Make A Planisphere

The ridiculously difficult landing of Rosetta Mission’s Philae probe on comet 67P ignited pondering fires of cosmic wonder – a topic I’ve been silent on far too long. Months ago I wrote a post about “baby steps” to the cosmos, followed by several more on identifying specific stars, planets and constellations. Doubtful that many people bothered to follow meticulous instructions for visual orientation, my fall back has always been enthusiastic encouragement to download Google’s Sky Map app. As I pointed my phone at tonight’s sky, it occurred to me – this is too easy.Β  To”Google”, is to arrive at answers without the process of investigation. Sky apps are handy in a pinch, but rather like cheating on a final exam – how could I study for the test?

My mind drifted back to grade school, and it hit me – I’ll make my own Planisphere.

Planispheres have existed in one form or another for centuries – one disc over another, rotating on a central pivot. Or a “pocket” and “wheel” you slip into the pocket depending on where you are and what you want to see. I found the site linked below – step by step instructions for all your Planisphere needs. First you print a “pocket” based on your latitude, then you make “city” and “milky way” wheels. City wheels are basic orientation of the brightest objects as seen from your location. Milky Way wheels are full on representation of everything visible if you could view the night sky as if in a rural location, free of light pollution. The site gives latitudes and instructions for “traveling” star wheels – make Planispheres when you travel, or send them as Christmas gifts to anyone, anywhere.

Of course I could go out and buy a Planisphere, but that defeats the purpose. The point is to stop and think about your latitude, realizing it truly matters to the night sky. A Planisphere forces one to understand the cosmic drift and flow. Making one teaches far more than occasional posts or instant recognition Google ever could – a star wheel offers reasons, makes us think, and takes us back to the joy of discovery.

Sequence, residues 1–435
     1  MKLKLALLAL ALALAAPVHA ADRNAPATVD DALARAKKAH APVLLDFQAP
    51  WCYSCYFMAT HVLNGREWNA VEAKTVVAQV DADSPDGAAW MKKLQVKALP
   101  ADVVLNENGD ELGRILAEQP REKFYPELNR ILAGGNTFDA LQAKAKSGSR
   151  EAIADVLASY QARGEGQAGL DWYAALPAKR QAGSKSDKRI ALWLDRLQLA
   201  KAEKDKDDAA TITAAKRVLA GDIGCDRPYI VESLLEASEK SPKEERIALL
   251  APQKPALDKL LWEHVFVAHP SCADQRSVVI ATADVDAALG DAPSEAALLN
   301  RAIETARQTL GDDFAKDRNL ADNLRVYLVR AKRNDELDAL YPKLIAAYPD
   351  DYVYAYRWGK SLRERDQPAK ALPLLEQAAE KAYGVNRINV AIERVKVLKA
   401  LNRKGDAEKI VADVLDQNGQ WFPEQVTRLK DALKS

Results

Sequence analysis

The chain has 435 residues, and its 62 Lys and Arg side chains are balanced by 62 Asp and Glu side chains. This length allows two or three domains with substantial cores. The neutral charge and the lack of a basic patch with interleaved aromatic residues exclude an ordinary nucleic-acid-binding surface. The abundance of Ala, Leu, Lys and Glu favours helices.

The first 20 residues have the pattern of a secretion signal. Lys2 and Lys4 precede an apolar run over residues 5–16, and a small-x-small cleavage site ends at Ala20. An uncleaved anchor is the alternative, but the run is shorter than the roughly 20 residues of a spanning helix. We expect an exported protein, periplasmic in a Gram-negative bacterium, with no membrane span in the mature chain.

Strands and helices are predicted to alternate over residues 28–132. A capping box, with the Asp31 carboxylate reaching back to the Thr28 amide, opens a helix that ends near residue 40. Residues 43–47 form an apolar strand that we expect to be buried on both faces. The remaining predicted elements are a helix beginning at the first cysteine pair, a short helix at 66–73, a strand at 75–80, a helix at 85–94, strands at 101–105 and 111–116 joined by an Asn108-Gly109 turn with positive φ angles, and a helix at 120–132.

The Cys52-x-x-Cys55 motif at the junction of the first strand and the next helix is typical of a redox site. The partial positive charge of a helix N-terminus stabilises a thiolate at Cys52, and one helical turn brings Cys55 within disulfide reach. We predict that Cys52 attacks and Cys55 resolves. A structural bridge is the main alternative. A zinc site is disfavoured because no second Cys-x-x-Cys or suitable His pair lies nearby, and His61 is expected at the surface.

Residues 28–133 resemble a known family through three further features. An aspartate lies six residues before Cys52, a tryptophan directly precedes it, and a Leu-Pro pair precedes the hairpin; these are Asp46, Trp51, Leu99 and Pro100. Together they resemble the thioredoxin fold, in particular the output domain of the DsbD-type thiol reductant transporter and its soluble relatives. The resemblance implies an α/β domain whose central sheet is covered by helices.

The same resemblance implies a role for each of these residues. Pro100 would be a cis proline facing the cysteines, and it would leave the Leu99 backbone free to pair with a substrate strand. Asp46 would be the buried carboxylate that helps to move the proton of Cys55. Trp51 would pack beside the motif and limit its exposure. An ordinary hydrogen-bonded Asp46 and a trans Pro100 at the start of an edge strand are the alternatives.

7 thoughts on “Make A Planisphere

  1. Ahhhh, you see, my biggest problem is that I can’t for the life of me stay awake long enough to bet much out of the night sky. Even three years into retirement I haven’t really broken the early to bed, early to rise pattern of a lifetime. We had a great chance in OR — but it was too chilly at night to be FUN and so often overcast so we couldn’t very often see all the multitude of stars that we were far enough from city lights to really SEE. sigh.
    Not sure what we’ll find in S. Tex. But it might be warm enough for me to get out in the evening and at least TRY to see the night sky. I’m such a wimp when it comes to cold. Didn’t use to be, but sure am now.

    • I tend to forget – most people don’t work bat shit hours the way I do. The other day I started work at 3 AM (had to have breakfast for 100 people ready to go by 4:45 AM) Many nights I get home from work at 3 AM. That aside – come on, the sun sets by 4:30 in Vancouver – can’t be that far off where you are πŸ™‚

      As for cold – I don’t mind a bit. Cold in my neck of the woods means no rain and clear skies – a perfect combination. FYI, I get the chilly nights in Oregon.Pacific northwest cold is far chillier than dry and crisp cold anywhere else.

      • We tend to be IN bed by 9, and I’m up (way too otten) at 4:30 or 5:00.

        After getting a really bad case of Frostbite in Pocatello ID some 30 years ago even cool gets to feeling really uncomfortable nowadays. πŸ™‚

        You can have your hours — and I’ll be sympathetic, πŸ™‚

      • That was back in the days when I drove truck. the REAL temperature was -50ΒΊ F (forget the wind chill) and my diesel fuel gelled. I would have froze to death except another driver came to my aide with a gallon of Liquid Gold — an additive that will dissipate gelled fuel and I got out of there, but it was not a fun situation. Bad in the hands (fingers) and feet.

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